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Emerging hotel markets turn to outsourcing

Already a norm in most established markets throughout the world, outsourcing is beginning to take hold in developing markets such as India, were hoteliers are realizing big cost savings in areas of little direct customer interaction.

“Outsourcing is the growing trend which is here to stay,” said Vijay Sethi, COO of Berggruen Hotels, which owns and operates the Keys Hotels brand in India.

The main reason, he said, is the reduction of operating and capital investment costs.

“It brings down payroll expenses, which are 20(%) to 30% of the running costs. Also it brings down the capital investment substantially,” Sethi said.

“The cost advantages are, for example, the savings of the investment and maintenance for laundry machinery, which are substantial,” said Stefan Flury, GM at the 333-room Mövenpick Hotel Zurich Airport, Switzerland.

And in developing markets especially where specialized talent can be hard to come by, outsourcing allows hoteliers to circumvent the headache and expense of employee recruiting, training and retention, sources said.

“More than cost advantages, at times it is the convenience and expertise that is essential,” said Ruchika Mehta, director of public relations and corporate communications for The Park Hotels, which has 11 hotels in its portfolio, all in India.

“One of the biggest advantages is to save costs. Outsourcing gives a company the possibility to reduce investments in technology and infrastructure. Furthermore, it gives the human resources management flexibility. With outsourcing a company can save costs and has the possibility to pick a person of outstanding ability,” said Devika Chauhan, human resources manager at the 182-room Mövenpick Hotel & Spa Bangalore.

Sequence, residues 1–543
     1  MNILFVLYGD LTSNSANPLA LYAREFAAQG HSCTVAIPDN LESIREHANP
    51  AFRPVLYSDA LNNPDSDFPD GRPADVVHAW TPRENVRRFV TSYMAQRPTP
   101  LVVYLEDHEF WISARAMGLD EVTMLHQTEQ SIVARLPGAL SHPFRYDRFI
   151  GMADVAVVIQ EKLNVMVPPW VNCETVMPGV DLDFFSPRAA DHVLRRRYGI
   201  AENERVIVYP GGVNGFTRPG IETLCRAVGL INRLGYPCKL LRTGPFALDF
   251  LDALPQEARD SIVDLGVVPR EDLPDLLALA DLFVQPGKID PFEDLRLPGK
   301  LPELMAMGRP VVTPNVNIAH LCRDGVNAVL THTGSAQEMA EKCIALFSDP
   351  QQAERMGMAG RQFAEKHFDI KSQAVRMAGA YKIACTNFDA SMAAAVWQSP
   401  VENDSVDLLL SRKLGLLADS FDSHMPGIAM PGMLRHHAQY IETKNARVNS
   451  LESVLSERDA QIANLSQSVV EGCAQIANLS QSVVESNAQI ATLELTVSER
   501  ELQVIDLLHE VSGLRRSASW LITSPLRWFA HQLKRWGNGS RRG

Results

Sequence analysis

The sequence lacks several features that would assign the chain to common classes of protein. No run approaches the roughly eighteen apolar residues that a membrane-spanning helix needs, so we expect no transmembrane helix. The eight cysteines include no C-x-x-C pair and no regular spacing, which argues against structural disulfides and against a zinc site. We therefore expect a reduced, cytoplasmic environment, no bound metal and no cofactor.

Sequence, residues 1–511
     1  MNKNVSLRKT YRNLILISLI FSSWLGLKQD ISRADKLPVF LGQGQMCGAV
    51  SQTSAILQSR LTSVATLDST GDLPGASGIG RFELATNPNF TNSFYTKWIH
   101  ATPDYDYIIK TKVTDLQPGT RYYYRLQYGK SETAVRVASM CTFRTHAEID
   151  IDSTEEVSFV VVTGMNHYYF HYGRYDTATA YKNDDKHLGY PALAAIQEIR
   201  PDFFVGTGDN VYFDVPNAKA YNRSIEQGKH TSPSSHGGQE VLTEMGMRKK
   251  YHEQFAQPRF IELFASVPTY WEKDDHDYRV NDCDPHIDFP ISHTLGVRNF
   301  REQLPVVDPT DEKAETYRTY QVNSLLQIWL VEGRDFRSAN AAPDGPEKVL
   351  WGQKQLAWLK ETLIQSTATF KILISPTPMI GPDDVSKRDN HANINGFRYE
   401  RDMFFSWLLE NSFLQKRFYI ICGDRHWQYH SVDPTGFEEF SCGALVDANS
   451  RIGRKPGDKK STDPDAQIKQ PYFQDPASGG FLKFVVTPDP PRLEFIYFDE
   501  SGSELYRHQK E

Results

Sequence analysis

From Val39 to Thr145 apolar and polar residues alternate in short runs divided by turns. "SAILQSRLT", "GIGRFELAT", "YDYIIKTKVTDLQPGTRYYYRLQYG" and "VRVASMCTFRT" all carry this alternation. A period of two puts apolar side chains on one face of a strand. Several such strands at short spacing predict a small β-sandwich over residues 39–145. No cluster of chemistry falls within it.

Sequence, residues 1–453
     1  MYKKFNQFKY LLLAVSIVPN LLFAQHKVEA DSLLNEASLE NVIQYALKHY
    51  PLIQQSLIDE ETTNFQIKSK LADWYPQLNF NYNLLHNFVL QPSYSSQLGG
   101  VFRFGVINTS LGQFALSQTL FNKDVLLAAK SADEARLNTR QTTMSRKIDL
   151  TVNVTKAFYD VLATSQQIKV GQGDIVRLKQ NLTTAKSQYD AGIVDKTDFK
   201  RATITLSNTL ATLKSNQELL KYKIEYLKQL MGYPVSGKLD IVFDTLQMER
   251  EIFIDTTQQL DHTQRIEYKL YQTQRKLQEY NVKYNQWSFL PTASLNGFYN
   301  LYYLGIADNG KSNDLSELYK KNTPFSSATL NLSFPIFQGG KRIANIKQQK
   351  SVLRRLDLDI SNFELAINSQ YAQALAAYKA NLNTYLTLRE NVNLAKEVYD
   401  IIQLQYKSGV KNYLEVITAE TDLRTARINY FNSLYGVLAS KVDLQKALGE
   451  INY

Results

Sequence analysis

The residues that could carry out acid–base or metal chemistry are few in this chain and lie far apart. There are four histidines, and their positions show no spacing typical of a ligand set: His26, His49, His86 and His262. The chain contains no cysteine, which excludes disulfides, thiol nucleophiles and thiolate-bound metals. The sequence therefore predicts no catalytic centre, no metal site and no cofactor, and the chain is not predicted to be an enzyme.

Only certain areas are ripe for outsourcing, she continued. Housekeeping and gardening are common targets, as are security, maintenance and others that require little direct customer interaction.

“Hotel companies are outsourcing departments of operation without core competence,” Chauhan said. “Outsourcing services also means less manpower on a company’s payroll. Departments which need minimum skills, but need investment, staffing flexibility, reduced overheads and constant monitoring should be outsourced.”

Laundry is perhaps the prime example. The department typically requires capital investment with an added cost of running and maintenance.

“In laundry, hotels generally have a markup of 35(%) to 45%, so when it is outsourced on a revenue sharing basis of 50/50 or 60/40, it adds to the bottom line without any capital investment.” A typical laundry facility requires upfront CapEx of nearly 3 million to 4 million rupees (approximately $50,000 to $65,000) for one unit, he said.

Mehta put the capital savings at 10% to 15% for a new hotel.

“The trend of outsourcing laundry is nearly the same across Europe, whereas other areas depend on hotel size and chain affiliation available partners, etc.,” Flury said.

“Also there is considerable saving of space when laundry is outsourced. In a typically 100-room hotel, the space saving by outsourcing laundry can be 2,000 to 3,000 square feet, which can be used for staff premises or a banquet,” Sethi said.

Outsourcing to scale

Outsourcing is more common in the budget, mid-market and upscale segments.

“The trend is more pronounced in the mid-market segment hotels,” Sethi said. “In the case of luxury hotels, everything is still managed in house. In most new hotels, there is no laundry done in house as it is being outsourced.”

“Luxury properties usually have all capabilities handled internally,” Mehta said. “It’s only in the case of budget hotels you will see outsourcing. But in some of the budget hotels, this can also lead to a substantial savings.”

Most of the decisions for outsourcing are planned investment decisions not taken in haste, Mehta said.

“Usually while the hotels are being built, such decisions are taken. In certain cases it may happen keeping in pace with current times and cost effectiveness,” she said.

“It is all about cost management,” Sethi said. “It is a case where the operation is beneficial to the bottom line. Saving a rupee is as good as earning it.”


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